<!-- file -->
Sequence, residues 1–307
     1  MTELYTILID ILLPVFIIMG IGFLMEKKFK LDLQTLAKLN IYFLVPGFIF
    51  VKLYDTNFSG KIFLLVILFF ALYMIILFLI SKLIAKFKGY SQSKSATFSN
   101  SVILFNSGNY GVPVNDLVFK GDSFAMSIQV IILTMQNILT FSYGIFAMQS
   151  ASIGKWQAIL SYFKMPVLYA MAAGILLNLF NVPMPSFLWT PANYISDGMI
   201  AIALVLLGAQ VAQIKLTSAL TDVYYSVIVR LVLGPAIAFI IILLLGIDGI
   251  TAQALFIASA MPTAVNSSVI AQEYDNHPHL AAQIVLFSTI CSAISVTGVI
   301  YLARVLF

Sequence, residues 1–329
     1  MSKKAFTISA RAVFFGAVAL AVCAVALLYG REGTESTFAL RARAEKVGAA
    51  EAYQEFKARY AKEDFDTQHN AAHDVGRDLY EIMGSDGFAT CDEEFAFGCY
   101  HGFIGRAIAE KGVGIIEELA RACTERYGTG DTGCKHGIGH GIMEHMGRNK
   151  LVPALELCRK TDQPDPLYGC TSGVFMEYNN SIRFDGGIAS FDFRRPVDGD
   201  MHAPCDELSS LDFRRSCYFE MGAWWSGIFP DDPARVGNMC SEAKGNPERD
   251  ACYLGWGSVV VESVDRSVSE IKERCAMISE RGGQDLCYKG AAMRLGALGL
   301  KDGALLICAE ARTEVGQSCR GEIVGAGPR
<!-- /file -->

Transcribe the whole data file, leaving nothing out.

Sequence, residues 1–307
     1  MTELYTILID ILLPVFIIMG IGFLMEKKFK LDLQTLAKLN IYFLVPGFIF
    51  VKLYDTNFSG KIFLLVILFF ALYMIILFLI SKLIAKFKGY SQSKSATFSN
   101  SVILFNSGNY GVPVNDLVFK GDSFAMSIQV IILTMQNILT FSYGIFAMQS
   151  ASIGKWQAIL SYFKMPVLYA MAAGILLNLF NVPMPSFLWT PANYISDGMI
   201  AIALVLLGAQ VAQIKLTSAL TDVYYSVIVR LVLGPAIAFI IILLLGIDGI
   251  TAQALFIASA MPTAVNSSVI AQEYDNHPHL AAQIVLFSTI CSAISVTGVI
   301  YLARVLF

Sequence, residues 1–329
     1  MSKKAFTISA RAVFFGAVAL AVCAVALLYG REGTESTFAL RARAEKVGAA
    51  EAYQEFKARY AKEDFDTQHN AAHDVGRDLY EIMGSDGFAT CDEEFAFGCY
   101  HGFIGRAIAE KGVGIIEELA RACTERYGTG DTGCKHGIGH GIMEHMGRNK
   151  LVPALELCRK TDQPDPLYGC TSGVFMEYNN SIRFDGGIAS FDFRRPVDGD
   201  MHAPCDELSS LDFRRSCYFE MGAWWSGIFP DDPARVGNMC SEAKGNPERD
   251  ACYLGWGSVV VESVDRSVSE IKERCAMISE RGGQDLCYKG AAMRLGALGL
   301  KDGALLICAE ARTEVGQSCR GEIVGAGPR